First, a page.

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Short biography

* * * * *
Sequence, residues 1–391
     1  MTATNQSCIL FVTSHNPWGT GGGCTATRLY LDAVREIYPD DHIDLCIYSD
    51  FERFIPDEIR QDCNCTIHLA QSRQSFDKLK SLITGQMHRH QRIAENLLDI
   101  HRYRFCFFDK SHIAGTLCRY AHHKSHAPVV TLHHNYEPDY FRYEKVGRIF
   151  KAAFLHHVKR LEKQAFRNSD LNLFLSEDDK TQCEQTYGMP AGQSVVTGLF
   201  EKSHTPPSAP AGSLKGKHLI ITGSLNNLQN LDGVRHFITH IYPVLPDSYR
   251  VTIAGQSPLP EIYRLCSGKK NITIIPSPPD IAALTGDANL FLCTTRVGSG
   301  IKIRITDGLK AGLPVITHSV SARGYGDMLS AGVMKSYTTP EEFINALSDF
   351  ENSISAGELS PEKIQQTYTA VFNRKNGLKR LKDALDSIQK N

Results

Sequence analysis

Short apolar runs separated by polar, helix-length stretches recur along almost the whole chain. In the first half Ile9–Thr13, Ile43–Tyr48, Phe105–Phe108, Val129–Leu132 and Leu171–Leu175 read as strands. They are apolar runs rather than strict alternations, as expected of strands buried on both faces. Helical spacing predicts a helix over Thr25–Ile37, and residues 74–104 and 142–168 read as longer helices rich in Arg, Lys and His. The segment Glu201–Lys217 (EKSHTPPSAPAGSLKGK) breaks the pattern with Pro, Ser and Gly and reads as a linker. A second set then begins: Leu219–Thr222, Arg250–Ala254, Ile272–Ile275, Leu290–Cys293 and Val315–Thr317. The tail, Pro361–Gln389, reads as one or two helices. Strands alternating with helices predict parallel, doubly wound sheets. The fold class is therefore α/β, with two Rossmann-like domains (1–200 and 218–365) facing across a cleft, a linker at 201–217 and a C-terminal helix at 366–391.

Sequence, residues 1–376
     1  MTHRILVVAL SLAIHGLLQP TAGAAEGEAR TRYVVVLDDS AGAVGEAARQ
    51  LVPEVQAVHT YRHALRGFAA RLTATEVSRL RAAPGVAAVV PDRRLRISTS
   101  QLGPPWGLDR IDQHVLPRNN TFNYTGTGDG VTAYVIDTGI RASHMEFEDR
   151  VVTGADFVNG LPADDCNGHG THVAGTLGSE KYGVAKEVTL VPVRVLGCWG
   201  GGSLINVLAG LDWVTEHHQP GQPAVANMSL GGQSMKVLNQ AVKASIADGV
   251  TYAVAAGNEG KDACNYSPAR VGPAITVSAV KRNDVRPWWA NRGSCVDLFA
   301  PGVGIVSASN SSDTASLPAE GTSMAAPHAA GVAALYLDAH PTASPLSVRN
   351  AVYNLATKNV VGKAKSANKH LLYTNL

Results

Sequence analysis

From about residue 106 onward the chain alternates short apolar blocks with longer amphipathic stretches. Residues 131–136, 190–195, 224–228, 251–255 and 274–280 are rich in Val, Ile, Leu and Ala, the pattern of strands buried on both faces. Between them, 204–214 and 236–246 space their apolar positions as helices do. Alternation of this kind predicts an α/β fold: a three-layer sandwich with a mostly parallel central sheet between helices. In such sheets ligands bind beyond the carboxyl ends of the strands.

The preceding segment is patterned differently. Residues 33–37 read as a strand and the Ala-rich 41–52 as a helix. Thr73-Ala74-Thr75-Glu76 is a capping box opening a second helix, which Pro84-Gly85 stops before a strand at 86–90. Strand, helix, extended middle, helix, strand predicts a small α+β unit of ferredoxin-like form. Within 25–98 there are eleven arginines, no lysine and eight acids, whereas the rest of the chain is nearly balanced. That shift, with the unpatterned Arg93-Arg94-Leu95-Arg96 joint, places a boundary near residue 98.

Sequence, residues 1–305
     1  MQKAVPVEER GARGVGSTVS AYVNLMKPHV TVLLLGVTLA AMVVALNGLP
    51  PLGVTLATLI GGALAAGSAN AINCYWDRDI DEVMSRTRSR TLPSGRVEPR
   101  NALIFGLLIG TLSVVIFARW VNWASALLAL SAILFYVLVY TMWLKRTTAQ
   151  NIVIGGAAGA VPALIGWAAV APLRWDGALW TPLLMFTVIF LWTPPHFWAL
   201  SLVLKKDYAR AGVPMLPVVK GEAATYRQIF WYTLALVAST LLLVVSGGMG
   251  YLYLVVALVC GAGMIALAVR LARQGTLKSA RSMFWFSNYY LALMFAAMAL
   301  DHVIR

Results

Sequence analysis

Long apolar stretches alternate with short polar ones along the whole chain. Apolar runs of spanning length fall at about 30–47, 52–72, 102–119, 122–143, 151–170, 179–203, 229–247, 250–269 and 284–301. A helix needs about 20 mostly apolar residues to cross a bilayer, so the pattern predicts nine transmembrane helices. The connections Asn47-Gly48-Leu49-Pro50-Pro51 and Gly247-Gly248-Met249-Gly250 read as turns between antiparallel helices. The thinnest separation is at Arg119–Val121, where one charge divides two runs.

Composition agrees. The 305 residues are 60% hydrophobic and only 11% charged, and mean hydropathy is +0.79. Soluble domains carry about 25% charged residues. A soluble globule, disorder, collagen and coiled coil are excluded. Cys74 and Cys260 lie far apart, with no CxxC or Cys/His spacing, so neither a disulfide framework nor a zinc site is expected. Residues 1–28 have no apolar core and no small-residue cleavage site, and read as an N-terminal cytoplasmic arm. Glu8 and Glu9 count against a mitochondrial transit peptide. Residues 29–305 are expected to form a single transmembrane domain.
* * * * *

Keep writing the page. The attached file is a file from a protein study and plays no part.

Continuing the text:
Anna Heilman was born Hana Wajcblum to a middle-class assimilated Polish Jewish family in Warsaw. She had two older sisters, Sabina and Esther. During World War II, the family was forced into the Warsaw Ghetto. Sabina managed to escape to Russia and later settled in Sweden. Anna was a member of a youth movement called Hashomer Hatzair. As the Warsaw Ghetto uprising got underway in April 1943, the 14-year-old girl was unsure whether to fight or to stay with her parents; she ultimately chose to stay. With her parents, she and Esther were deported to the Maidanek death camp, where her parents were immediately murdered. Anna and Esther were sent to Auschwitz in September 1943. There she joined other prisoners in plotting to blow up the crematoria. She, Esther, and other women smuggled gunpowder out of the munitions factory in their clothes and passed it from insider to insider until it reached the Sonderkommando. Esther was betrayed to the Gestapo and she and several friends were tortured for months for information. But they never gave up Anna's name. On January 5, 1945, Esther and her friends were hanged. Two weeks later, in the face of the advancing Red Army, the Nazis evacuated the surviving inmates of the camp on a death march in freezing conditions. Anna was sent to Ravensbrück and then to Neustadt-Glewe, where she was finally liberated by the Soviets in May 1945. After the war, she was reunited with Sabina and emigrated to the British Mandate of Palestine. In 1947, she married Joshua Heilman, a Pole who had gone to Palestine to attend university one week before the outbreak of the war. In the new State of Israel, Anna had two daughters and earned a degree in social work. The family eventually emigrated to the USA in 1958, setting in Boston. In 1960, they moved to Ottawa, Canada. Anna worked with The Children's Aid Society in Ottawa as a bilingual (English-French) social worker. She become the supervisor of the English-French unit and eventually retired in 1990. In 1991, she revealed to her son-in-law, Sheldon Schwartz, that she had kept a diary in Auschwitz. It had been confiscated and destroyed during a search but she managed to recreate the entire document from memory during the time she spent in a displaced persons camp in 1945. Sheldon persuaded Anna to translate the diary into English and the two worked together for 10 years on writing and editing. Her memoir, Never Far Away: The Auschwitz Chronicles of Anna Heilman, was published in 2001. She was among those featured in Unlikely Heroes (2003), a film about Jewish resistance during World War II.
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